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The fourth edition includes many changes:

• A new chapter on the role of politics in evaluation and ethical considerations. • A new and reorganized Part Two that presents and discusses the most current

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• A new chapter on the role of politics in evaluation and ethical considerations. • A new and reorganized Part Two that presents and discusses the most current approaches and theories of evaluation
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approaches and theories of evaluation. • An increased focus on mixed methods in design, data collection, and analysis. • Links to interviews with evaluators who conducted an evaluation that illus-

trates the concepts reviewed in that chapter, as they discuss the choices and challenges they faced.

• A discussion of how today’s focus on performance measurement, outcomes, impacts, and standards have influenced evaluation.

• New sections on organizational learning, evaluation capacity building, mainstreaming evaluation, and cultural competence––trends in evaluation and organizations.

Evaluation, today, is changing in a variety of ways. Policymakers, managers, citizens, and consumers want better tracking of activities and outcomes. More importantly, many want a better understanding of social problems and the programs and policies being undertaken to reduce these problems. Evaluation in many forms, including performance measurement and outcome or impact assessments, is ex- panding around the globe. People who work in organizations are also interested in evaluation as a way to enhance organizational learning. They want to know how well they’re doing, how to tackle the tough problems their organizations address, and how to improve their performance and better serve their clients and their

Preface

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community. Many different methods are being developed and used: mixed meth- ods for design and data collection, increased involvement of new and different stakeholders in the evaluation process, expanded consideration of the potential uses and impacts of evaluation, and more effective and diverse ways to communicate findings. As evaluation expands around the world, the experiences of adapting eval- uation to different settings and different cultures are enriching the field.

In this new edition, we hope to convey to you the dynamism and creativity involved in conducting evaluation. Each of us has many years of experience in conducting evaluations in a variety of settings, including schools, public welfare agencies, mental health organizations, environmental programs, nonprofit organ- izations, and corporations. We also have years of experience teaching students how to use evaluation in their own organizations or communities. Our goal is, and always has been, to present information that readers can use either to conduct or to be a participant in evaluations that make a difference to their workplace, their clients, and their community. Let us tell you a bit more about how we hope to do that in this new edition.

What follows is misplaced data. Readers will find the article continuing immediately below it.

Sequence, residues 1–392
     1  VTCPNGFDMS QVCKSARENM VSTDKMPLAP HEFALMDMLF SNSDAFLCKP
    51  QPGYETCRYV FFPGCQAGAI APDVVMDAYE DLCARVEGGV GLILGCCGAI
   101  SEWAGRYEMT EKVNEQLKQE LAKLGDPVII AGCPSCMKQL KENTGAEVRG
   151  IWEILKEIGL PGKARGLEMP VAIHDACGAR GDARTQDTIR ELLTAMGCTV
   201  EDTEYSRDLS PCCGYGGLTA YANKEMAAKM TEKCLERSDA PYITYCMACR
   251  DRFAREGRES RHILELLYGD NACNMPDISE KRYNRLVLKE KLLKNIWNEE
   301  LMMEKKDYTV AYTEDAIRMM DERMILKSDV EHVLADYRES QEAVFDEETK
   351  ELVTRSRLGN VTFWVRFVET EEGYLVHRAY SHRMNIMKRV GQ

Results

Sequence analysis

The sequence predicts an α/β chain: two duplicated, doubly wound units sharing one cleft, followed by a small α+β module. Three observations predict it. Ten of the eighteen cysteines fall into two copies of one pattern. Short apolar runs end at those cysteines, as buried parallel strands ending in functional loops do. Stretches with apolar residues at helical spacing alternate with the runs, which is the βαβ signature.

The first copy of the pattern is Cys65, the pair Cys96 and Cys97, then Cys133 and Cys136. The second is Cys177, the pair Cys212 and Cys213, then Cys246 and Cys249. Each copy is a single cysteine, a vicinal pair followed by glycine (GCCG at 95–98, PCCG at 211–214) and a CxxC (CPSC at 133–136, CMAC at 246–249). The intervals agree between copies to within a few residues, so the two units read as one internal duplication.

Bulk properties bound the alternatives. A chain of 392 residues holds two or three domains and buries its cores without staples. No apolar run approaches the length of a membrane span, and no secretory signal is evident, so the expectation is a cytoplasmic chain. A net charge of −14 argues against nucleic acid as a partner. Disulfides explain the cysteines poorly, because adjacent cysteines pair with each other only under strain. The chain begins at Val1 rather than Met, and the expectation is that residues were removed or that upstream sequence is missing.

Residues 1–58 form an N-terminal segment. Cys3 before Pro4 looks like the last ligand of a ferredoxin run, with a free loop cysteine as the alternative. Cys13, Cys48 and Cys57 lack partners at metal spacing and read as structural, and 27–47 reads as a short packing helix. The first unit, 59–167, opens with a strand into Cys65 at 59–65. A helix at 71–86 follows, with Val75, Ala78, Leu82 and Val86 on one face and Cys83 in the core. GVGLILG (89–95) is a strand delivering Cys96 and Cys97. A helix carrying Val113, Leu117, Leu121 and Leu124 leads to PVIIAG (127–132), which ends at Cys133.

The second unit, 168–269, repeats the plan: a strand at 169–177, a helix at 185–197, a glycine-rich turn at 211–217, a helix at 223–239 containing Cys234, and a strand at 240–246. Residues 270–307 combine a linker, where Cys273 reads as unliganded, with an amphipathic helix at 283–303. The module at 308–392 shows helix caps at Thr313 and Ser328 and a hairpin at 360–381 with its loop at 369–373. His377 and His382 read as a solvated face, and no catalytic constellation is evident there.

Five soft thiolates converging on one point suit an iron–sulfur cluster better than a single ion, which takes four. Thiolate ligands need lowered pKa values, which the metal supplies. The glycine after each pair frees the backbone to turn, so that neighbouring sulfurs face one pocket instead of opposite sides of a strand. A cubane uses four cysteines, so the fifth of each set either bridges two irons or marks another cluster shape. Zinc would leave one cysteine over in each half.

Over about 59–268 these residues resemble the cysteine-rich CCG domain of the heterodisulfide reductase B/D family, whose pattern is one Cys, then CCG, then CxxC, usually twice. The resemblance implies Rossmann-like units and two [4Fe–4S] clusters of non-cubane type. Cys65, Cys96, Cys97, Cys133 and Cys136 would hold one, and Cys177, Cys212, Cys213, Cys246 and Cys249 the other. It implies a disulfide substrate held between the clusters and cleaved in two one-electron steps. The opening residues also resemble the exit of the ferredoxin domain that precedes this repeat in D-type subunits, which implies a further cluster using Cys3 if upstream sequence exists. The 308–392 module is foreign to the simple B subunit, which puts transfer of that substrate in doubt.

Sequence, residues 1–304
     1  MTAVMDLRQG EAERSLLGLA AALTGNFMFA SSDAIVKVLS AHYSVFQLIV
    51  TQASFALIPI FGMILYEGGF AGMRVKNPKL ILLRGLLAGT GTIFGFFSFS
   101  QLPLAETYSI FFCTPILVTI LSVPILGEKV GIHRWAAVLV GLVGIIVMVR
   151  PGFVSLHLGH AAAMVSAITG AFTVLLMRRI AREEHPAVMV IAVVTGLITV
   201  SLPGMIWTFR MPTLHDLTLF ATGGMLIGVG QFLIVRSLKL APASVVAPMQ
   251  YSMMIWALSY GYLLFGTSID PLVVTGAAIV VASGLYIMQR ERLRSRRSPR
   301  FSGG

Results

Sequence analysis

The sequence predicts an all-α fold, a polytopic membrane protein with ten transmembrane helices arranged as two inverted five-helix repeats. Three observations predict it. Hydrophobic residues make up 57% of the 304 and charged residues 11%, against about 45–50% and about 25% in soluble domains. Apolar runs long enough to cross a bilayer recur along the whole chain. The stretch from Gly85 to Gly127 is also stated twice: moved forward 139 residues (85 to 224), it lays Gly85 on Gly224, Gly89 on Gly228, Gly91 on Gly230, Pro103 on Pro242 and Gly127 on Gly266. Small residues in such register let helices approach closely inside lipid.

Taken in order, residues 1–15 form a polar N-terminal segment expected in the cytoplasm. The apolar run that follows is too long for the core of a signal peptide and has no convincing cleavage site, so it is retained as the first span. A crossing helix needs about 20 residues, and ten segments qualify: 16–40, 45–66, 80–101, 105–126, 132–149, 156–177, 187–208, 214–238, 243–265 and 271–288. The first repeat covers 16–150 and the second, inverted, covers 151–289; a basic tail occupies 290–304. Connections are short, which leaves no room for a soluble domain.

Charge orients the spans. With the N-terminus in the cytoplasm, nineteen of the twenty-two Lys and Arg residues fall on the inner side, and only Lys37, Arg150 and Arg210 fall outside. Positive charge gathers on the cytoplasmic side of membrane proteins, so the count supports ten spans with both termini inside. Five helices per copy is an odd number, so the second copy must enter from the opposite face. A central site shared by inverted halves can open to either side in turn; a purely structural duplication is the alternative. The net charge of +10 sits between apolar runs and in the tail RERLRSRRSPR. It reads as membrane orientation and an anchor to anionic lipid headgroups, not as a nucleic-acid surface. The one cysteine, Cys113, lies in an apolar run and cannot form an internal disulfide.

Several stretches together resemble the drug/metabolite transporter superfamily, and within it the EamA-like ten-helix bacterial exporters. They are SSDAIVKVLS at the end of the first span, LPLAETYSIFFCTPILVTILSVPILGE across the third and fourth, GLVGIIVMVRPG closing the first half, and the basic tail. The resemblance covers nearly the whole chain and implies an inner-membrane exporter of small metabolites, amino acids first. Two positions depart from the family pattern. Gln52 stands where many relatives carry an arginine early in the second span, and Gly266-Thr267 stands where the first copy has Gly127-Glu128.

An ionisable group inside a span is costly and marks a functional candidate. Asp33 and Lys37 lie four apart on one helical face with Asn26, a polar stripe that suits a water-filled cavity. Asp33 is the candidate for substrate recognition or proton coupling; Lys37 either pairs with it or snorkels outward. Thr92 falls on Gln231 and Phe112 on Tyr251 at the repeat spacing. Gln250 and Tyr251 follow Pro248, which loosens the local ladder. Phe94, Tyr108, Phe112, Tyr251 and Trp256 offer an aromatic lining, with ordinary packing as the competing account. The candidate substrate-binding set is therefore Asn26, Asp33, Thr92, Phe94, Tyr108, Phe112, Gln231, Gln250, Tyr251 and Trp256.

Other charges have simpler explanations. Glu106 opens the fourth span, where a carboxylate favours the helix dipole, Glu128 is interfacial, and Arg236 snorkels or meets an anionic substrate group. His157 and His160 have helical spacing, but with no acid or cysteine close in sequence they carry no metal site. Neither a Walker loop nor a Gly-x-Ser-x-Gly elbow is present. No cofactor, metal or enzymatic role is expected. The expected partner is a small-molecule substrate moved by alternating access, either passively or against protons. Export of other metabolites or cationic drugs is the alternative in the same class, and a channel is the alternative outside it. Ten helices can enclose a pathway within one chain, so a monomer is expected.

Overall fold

Organization of This Text

The book is organized in four parts. Part One introduces the reader to key concepts in evaluation; its history and current trends; and ethical, political, and interper- sonal factors that permeate and transcend all phases of evaluation. Evaluation dif- fers from research in that it is occurring in the real world with the goal of being used by non-researchers to improve decisions, governance, and society. As a result, evaluators develop relationships with their users and stakeholders and work in a political environment in which evaluation results compete with other demands on decision makers. Evaluators must know how to work in such envi- ronments to get their results used. In addition, ethical challenges often present themselves. We find the ways in which evaluation differs from research to be both challenging and interesting. It is why we chose evaluation as our life’s work. In Part One, we introduce you to these differences and to the ways evaluators work in this public, political context.

In Part Two, we present several different approaches, often called models or theories, to evaluation. (Determining whether objectives or outcomes have been achieved isn’t the only way to approach evaluation!) Approaches influence how evaluators determine what to study and how they involve others in what they study. We have expanded our discussions of theory-based, decision-oriented, and participatory approaches. In doing so, we describe new ways in which evaluators use logic models and program theories to understand the workings of a program. Participatory and transformative approaches to empowering stakeholders and creating different ways of learning are described and contrasted. Evaluators must know methodology, but they also must know about different approaches to eval- uation to consciously and intelligently choose the approach or mix of approaches that is most appropriate for the program, clients, and stakeholders and context

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